It has led to “bad profits” that have destroyed customer loyalty.
It is responsible for massive offshoring of manufacturing, thereby destroying major segments of the US economy.
It has even undermined US capacity to compete in international markets.
The Financial Times reports that the short-term shareholder value theory has a new feather in its cap: it is responsible for killing the economic recovery that should have occurred after the financial meltdown of 2008.
In his article entitled “Corporate investment: A mysterious divergence” he explores a conundrum that has puzzled the world’s top economists: why is net investment at a measly 4 per cent of output when pre-tax corporate profits are now at record highs – more than 12 per cent of GDP?
In standard economic theory, this makes no sense. When profits go up, companies should be seizing investment opportunities to lay the groundwork for even more profits in future. In turn, that investment should create jobs, generate more capital goods and lead to higher wages.
The reasons listed below are proven false
* tax policy
* fear of another financial crisis
Private US companies invest nearly twice as much as those listed on the stock market: 6.8 per cent of total assets versus just 3.7 per cent
The difference is the private companies are not maximizing quarterly profits. They have the same regulations, taxes and other factors.
Adding value for customers should be the goal
Public companies like Amazon [AMZN], Whole Foods [WFM] and Costco [COST] have successfully pursued customer value, despite the pressures of Wall Street. So isn’t it about time we stop compensating corporate leaders for meeting their quarterly numbers and instead shift the focus of business to its true goal of adding value to customers?
Successful firms in the Creative Economy are tightly focused on delighting customers by mobilizing whole ecosystems that deliver continuous innovation and mass customization. In this economy, hierarchical bureaucracy doesn’t cut it. The Creative Economy requires a different, more agile, and more demanding kind of leadership and management. Because the Creative Economy is in sync with today’s marketplace, it is hugely profitable: great fortunes are created in extraordinarily short periods of time, e.g. Facebook [FB]. The productivity gains of the Creative Economy are genuine: innovations in the Creative Economy have shifted the production frontier of what is possible. The Creative Economy represents the future.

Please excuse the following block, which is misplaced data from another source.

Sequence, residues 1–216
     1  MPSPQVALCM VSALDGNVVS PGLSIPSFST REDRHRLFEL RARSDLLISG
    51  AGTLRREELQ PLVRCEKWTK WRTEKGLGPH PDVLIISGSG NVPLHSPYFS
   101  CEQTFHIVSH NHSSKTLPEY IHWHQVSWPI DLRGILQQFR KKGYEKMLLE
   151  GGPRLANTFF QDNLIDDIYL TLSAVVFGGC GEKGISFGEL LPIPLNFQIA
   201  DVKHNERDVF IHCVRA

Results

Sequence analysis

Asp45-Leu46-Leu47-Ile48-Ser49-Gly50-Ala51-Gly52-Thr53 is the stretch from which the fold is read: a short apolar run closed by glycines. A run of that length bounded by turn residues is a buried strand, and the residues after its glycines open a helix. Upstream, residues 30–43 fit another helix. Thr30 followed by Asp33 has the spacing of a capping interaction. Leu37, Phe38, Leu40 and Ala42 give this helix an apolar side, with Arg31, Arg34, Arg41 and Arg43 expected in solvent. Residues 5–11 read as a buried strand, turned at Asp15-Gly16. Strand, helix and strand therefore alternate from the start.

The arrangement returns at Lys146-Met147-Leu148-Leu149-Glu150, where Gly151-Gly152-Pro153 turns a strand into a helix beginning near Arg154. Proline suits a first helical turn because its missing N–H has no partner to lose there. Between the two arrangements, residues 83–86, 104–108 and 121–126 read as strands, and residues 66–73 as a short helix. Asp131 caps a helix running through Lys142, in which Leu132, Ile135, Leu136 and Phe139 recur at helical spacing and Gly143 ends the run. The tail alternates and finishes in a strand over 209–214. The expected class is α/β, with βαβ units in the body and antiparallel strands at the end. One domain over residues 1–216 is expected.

The approach for a country should not be hitting short term GDP numbers but adding value to citizens
Long term value maximization should also be used to guide how cities and countries are managed and governed.
Brian Wang is a Futurist Thought Leader and a popular Science blogger with 1 million readers per month. His blog Nextbigfuture.com is ranked #1 Science News Blog. It covers many disruptive technology and trends including Space, Robotics, Artificial Intelligence, Medicine, Anti-aging Biotechnology, and Nanotechnology.
Known for identifying cutting edge technologies, he is currently a Co-Founder of a startup and fundraiser for high potential early-stage companies. He is the Head of Research for Allocations for deep technology investments and an Angel Investor at Space Angels.
A frequent speaker at corporations, he has been a TEDx speaker, a Singularity University speaker and guest at numerous interviews for radio and podcasts. He is open to public speaking and advising engagements.